Coal Creek Bridge No. 3035A Replacement Project
Major construction begins in June 2022
May 13, 2022
Starting on Monday, May 16: The project contractor will be on site on a regular basis, Monday through Friday during daytime hours. The first order of work is to make the temporary bridge approaches wider. This change will make it easier for longer vehicles and trailers to get across the bridge. The project team is also working on a plan to improve one-way traffic over the bridge. They are considering adding either stop signs or a temporary traffic signal.
The temporary bridge has one single lane, and no weight limit restrictions on the temporary bridge. Learn more on Facebook.
On this page
- Latest update
- Project overview
- Getting through the construction zone
- Construction timeline
- Bridge history
- Construction photos
- Why King County is replacing the bridge
- Frequently asked questions
- Project documents
Contact usBroch Bender, Communications Manager
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The existing 64-year-old timber support structure is decaying, the 109-year-old steel floor beams are rusted, the paint is peeling, and the bridge has weight restrictions for heavy trucks. All traffic will use a temporary bypass bridge throughout construction until fall 2022, when the new bridge is open. The temporary bridge does not have any weight restrictions.
Work to remove and replace the existing Coal Creek Bridge on SE Lake Walker Road was originally planned for summer 2021, but was delayed one year to spring/summer 2022. The one-year delay was needed because crews are only permitted to do in-water work during late spring and summer. The new, replacement bridge, scheduled for completion in fall 2022, will carry no weight restrictions, and is expected to last for decades.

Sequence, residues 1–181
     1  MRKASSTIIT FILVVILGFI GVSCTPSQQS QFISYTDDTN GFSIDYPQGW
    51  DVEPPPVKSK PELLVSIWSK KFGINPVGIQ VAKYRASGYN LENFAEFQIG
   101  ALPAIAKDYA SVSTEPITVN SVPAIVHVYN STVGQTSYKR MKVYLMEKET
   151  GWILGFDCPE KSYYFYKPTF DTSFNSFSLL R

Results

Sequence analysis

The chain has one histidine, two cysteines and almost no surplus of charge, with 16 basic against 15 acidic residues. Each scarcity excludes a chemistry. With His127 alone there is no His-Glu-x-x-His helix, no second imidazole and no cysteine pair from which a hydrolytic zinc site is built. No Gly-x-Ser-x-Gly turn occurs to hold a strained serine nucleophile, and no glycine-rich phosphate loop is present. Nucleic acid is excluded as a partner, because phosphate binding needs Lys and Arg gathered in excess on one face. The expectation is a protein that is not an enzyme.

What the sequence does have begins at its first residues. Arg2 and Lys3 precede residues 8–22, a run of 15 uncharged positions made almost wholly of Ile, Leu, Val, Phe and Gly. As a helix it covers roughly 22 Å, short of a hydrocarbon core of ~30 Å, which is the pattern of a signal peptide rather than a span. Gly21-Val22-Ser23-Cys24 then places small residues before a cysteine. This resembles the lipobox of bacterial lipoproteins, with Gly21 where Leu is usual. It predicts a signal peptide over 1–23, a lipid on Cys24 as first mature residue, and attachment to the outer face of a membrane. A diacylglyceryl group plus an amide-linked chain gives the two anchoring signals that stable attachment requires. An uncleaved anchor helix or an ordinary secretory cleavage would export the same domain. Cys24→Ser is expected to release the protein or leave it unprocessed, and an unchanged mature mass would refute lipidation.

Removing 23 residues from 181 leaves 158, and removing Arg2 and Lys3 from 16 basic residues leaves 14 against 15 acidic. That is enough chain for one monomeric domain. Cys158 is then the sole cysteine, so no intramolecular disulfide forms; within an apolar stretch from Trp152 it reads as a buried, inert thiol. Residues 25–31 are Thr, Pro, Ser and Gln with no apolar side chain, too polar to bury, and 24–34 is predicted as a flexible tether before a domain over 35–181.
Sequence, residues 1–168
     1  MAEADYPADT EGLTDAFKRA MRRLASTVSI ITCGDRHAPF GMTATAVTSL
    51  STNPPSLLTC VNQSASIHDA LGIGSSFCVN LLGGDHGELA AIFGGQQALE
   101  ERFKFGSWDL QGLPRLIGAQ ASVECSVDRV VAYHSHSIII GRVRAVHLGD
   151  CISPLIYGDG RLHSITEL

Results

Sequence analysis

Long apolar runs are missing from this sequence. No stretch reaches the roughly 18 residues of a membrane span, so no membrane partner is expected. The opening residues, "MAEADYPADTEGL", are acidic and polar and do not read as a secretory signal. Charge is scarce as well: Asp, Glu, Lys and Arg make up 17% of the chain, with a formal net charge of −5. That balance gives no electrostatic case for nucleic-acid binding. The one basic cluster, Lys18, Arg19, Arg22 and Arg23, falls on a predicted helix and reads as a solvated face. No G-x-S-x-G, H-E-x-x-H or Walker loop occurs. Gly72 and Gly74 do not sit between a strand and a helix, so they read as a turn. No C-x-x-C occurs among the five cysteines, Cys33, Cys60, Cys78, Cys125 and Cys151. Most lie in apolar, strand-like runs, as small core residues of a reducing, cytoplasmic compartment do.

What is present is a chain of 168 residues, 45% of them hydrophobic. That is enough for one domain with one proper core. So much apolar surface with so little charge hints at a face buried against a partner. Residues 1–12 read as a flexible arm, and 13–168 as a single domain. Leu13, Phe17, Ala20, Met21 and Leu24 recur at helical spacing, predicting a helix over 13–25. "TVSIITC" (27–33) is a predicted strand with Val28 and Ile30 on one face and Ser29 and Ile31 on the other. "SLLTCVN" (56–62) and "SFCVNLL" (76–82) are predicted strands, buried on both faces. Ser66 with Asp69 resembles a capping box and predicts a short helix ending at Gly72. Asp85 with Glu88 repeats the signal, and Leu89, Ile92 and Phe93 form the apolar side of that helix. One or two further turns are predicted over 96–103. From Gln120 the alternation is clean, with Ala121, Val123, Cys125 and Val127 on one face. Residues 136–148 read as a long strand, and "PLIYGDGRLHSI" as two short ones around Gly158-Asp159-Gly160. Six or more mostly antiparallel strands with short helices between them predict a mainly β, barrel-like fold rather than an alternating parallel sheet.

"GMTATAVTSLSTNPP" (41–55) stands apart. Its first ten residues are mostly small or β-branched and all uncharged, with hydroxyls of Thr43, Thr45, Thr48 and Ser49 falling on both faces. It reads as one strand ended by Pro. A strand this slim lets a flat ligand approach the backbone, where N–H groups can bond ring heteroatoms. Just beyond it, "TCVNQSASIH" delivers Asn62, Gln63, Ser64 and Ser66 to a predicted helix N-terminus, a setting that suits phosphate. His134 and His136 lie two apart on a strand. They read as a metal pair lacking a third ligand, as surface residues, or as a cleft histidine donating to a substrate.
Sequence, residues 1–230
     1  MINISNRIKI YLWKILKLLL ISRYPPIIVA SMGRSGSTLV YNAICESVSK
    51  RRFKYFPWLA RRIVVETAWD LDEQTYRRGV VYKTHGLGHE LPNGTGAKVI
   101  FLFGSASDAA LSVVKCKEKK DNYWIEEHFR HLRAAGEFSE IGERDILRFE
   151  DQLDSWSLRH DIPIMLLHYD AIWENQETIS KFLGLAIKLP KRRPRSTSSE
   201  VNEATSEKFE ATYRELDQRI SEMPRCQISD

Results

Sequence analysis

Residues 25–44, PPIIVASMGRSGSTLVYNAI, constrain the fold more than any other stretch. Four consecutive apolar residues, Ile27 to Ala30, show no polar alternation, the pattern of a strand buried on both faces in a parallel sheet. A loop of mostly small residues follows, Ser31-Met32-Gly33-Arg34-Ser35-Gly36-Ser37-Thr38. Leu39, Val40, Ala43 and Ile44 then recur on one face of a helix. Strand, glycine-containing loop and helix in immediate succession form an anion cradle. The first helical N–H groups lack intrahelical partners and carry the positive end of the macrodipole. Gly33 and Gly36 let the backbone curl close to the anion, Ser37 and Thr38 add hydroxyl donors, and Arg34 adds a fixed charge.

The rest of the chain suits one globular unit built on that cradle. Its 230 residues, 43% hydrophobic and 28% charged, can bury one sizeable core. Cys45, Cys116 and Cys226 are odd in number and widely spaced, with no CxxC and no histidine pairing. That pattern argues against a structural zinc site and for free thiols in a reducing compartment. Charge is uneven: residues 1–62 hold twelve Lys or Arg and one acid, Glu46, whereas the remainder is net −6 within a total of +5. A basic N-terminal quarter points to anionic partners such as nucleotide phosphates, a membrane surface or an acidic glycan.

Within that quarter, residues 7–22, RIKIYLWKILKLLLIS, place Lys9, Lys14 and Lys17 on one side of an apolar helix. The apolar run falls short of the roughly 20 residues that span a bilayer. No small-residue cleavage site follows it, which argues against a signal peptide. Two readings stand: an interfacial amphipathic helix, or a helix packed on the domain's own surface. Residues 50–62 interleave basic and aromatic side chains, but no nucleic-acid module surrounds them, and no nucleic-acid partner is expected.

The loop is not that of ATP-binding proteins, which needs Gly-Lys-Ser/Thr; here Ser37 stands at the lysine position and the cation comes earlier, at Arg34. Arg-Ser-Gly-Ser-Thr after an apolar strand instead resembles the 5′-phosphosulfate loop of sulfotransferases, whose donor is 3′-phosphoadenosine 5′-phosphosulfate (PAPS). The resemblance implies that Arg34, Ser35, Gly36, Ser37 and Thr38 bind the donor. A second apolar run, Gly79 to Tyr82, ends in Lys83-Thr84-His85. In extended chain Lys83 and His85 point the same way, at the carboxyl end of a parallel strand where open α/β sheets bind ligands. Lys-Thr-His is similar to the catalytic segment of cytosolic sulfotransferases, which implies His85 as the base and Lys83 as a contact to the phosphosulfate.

Getting through the construction zone
Travelers will always have local access in both directions over Coal Creek. King County built a temporary one-lane bridge to carry traffic over Coal Creek just downstream of the current bridge in spring 2022. There are no weight restrictions on the temporary bridge. The temporary bridge will be removed once the new, permanent bridge is built and open to traffic in fall 2022.
Frequently asked questions
The existing bridge is deteriorating and needs to be replaced. The 64-year-old timber support structure is decaying, the 109-year-old steel floor beams are severely rusting, the paint is peeling, and the curve in the road and bridge do not provide adequate visibility to oncoming traffic.
The bridge has been categorized as structurally deficient and functionally obsolete.
Structurally deficient means there are significant load carrying elements of the bridge that are in poor condition due to deterioration and/or damage or the waterway opening provided by the bridge is insufficient causing water overtopping with significant traffic delays. The fact that a bridge is “structurally deficient” does not imply that it is likely to collapse or that it is unsafe. It means that the bridge must be frequently monitored, inspected and maintained.
A functionally obsolete bridge is one that was built to standards that are not used today. Functionally obsolete bridges are those that do not have adequate load carrying capacity, lane widths, shoulder widths, approach roadway alignment, horizontal and vertical clearances to serve current traffic demand, or those that may be occasionally flooded.
As of September, 2021, the Roads Services Division bridge inspection team reports the existing bridge could only remain open if additional weight restrictions (more than there are today) were in place by winter 2022. For this reason, we will build a temporary bypass bridge and permanently close the old, existing bridge in winter 2022. Crews will return in spring or summer 2022 to remove the old bridge and build a permanent replacement. The temporary bypass bridge will not have any weight restriction.
Virtual community meeting presentation - June 22, 2021 PDF 5MB
Flyer - June 1, 2021 PDF 211KB
Flyer - July 15, 2020 PDF 631KB
Notice of Action Taken (NAT) - Issued, January 9, 2020 PDF 1MB
Determination of Non-Significance (DNS) - Issued, December 10, 2019 PDF 1MB
State Environmental Policy Act (SEPA) Environmental Checklist - Signed, November 22, 2019 PDF 5MB
Coal Creek Bridge Replacement Project: Bridge Type, Size and Location report - November 16, 2019 PDF 67MB
The Bridge Type Size and Location (TS&L) report evaluates three bridge design alternatives for the replacement of the Coal Creek Bridge. The TS&L report considered costs, environmental impacts, right-of-way acquisition, community feedback, construction phasing and staging needs and project schedule. The report is used to help King County determine a selection of the preferred final bridge design alternative to replace the Coal Creek Bridge.
Flyer - March 7, 2019 PDF 86KB